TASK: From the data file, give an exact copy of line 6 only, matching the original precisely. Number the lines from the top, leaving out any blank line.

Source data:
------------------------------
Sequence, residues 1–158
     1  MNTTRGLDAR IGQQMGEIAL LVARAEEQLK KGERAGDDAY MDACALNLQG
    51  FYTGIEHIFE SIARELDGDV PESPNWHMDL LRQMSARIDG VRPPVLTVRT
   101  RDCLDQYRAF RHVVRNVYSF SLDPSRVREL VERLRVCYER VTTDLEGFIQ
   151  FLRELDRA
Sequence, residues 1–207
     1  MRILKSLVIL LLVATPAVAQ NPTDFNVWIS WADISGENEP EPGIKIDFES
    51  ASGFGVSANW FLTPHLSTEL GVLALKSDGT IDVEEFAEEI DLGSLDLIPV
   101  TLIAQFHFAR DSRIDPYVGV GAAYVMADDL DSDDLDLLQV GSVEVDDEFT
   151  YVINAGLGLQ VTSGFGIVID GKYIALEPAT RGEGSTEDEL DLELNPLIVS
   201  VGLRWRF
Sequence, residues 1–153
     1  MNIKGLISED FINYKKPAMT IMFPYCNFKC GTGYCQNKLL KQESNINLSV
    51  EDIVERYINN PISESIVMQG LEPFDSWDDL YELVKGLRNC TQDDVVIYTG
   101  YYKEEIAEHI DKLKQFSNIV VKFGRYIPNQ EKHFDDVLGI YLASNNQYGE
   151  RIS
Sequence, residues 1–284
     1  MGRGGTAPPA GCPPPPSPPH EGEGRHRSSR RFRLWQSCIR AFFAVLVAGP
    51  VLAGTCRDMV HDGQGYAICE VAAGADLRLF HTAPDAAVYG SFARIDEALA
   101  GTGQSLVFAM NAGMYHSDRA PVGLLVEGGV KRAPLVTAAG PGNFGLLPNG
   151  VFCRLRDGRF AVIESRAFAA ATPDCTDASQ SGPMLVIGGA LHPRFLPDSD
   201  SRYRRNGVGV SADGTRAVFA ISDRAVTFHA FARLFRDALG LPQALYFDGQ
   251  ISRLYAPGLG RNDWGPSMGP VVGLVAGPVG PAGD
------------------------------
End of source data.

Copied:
Sequence, residues 1–207